Champagne, Fireworks, and Empty Suitcases
Ringing in the new year is an opportunity to put away the past and start with a clean slate. In many cultures, cleaning the house prior to the new year (and no cleaning on New Year’s Day!) is the ultimate way to close out one year and be ready for the next.
At midnight on New Year’s Eve, it’s customary in Spain to quickly eat 12 grapes (or uvas) —one at each stroke of the clock. Each grape supposedly signifies good luck for one month of the coming year. In Madrid,Barcelona, and other Spanish cities, revelers congregate in the main squares to gobble their grapes together and pass around bottles of cava.
Many people in France start New Year’s Day at midnight while celebrating with friends or family members. Public and private fireworks displays are common. Many people drink champagne, sparkling white wine or hot wine vin chaud. People may also sing songs such as The song of a New Year Chanson du nouvel, and an adaptation of the Scottish Auld Lang Syne Choral des Adieux to mark the start of the New Year at midnight.
One of Latin America’s most colorful — and bizarre — traditions is the year-end burning of the dummies. When the clock ticks over at midnight, an observer with a good vantage point in Cuenca will behold an other-worldly sight of thousands of burning dummies and a sky filled with smoke and fireworks. Think Danté’s hell. Think Mad Max. Think Happy New Year.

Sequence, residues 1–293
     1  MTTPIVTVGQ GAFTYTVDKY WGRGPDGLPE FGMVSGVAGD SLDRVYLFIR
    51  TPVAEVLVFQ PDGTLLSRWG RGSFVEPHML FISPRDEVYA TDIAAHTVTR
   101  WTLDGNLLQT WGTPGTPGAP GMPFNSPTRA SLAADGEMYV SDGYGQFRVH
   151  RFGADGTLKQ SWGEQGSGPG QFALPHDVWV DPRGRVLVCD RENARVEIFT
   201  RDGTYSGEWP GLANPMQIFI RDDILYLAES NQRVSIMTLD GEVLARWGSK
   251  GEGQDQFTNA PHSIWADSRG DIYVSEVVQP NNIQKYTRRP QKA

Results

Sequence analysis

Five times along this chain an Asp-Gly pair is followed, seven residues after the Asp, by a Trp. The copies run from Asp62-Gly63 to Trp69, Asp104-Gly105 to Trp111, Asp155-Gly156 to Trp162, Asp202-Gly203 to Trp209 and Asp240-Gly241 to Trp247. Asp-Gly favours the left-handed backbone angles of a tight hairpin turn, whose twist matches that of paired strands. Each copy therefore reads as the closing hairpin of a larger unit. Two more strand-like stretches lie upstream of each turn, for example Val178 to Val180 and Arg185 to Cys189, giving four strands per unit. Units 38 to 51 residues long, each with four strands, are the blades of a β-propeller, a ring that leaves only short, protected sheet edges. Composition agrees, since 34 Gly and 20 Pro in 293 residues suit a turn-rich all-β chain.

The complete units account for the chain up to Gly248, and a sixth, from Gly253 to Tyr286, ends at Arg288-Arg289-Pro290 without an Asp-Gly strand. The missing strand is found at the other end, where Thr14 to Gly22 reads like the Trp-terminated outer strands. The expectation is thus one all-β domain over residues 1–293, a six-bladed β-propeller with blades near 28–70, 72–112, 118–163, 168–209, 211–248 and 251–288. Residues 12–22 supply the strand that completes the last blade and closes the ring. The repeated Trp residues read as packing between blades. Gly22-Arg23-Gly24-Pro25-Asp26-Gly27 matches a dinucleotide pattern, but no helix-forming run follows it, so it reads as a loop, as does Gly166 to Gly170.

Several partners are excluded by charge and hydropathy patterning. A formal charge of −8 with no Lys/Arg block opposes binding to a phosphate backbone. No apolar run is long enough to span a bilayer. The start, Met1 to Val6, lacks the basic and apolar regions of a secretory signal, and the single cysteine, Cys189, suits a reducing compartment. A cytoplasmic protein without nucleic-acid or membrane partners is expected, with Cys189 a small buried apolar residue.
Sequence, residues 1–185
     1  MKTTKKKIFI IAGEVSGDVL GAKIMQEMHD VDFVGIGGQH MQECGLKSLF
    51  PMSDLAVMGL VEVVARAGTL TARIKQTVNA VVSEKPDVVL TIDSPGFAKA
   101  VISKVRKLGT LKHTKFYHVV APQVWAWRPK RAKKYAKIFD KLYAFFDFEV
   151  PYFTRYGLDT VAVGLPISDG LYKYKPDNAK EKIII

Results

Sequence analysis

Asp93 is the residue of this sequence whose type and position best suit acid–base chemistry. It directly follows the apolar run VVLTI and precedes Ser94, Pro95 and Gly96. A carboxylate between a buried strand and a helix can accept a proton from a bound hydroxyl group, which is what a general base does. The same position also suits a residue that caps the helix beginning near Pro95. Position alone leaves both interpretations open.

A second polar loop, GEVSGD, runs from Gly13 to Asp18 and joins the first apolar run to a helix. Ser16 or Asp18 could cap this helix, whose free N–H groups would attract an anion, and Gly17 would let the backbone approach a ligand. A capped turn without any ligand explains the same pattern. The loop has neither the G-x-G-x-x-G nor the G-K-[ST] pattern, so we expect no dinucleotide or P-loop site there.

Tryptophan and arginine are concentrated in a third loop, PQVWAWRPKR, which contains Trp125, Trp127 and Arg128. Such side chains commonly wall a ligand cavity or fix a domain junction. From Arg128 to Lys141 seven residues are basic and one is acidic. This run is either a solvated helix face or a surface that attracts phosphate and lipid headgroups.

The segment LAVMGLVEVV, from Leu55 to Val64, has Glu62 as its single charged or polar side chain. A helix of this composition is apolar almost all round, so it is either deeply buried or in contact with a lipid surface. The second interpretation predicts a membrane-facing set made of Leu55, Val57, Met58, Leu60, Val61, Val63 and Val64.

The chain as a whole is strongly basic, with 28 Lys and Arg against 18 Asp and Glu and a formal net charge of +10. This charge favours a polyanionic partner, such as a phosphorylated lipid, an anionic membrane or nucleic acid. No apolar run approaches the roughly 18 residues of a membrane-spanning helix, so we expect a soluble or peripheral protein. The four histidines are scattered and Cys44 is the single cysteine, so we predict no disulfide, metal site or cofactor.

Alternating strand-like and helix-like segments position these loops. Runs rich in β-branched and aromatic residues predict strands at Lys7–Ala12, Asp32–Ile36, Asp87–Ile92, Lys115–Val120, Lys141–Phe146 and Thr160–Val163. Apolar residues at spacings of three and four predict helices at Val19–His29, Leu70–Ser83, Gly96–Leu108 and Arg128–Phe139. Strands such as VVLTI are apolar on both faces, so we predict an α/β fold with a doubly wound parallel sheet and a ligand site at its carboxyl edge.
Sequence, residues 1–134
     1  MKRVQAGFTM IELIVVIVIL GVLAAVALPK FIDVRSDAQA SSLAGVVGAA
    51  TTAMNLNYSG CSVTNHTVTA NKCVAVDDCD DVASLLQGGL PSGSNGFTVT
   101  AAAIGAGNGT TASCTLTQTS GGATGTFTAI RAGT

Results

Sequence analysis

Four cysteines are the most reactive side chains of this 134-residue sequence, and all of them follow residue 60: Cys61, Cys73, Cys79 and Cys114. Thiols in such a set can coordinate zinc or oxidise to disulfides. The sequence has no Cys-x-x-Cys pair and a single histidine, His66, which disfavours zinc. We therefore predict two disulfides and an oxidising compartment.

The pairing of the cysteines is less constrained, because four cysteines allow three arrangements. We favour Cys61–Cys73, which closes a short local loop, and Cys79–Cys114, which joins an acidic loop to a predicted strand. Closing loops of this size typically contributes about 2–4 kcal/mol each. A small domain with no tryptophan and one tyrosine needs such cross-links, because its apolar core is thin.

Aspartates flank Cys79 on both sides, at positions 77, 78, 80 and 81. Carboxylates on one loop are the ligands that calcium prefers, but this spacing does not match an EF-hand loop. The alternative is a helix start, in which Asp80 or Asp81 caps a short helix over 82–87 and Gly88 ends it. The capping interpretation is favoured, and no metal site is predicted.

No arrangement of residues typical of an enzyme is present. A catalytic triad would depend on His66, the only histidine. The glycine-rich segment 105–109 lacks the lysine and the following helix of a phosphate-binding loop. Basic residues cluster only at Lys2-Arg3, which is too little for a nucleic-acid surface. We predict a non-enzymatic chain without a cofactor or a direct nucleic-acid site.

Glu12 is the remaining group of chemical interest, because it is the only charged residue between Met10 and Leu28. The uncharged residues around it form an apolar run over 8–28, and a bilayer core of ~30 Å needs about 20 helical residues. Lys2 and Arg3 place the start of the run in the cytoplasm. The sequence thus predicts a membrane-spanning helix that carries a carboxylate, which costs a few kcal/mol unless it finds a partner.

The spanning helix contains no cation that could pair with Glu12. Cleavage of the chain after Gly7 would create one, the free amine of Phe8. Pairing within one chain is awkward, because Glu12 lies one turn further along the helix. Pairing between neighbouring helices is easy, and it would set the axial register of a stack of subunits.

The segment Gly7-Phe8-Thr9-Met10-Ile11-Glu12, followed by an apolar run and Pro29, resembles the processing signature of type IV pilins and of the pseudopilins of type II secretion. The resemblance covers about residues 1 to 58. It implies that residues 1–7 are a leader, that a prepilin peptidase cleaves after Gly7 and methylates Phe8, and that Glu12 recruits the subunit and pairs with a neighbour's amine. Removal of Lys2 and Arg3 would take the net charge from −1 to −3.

Many people in Denmark ring in the new year by jumping off chairs in unison at midnight. The jump is said to rid a person of whatever negative spirits he’s carrying and usher in a brand new year of good luck.
What else? Broken dishes of course! Danes save old dishes during the year and then throw them at the houses of friends on New Year’s Eve. Finding heaps of broken dishes on your doorstep signifies you have many friends.
Grab an empty suitcase and run around the block at midnight. The belief is this will bring travel opportunities in the coming year. What are you waiting for… grab your carry-on and run!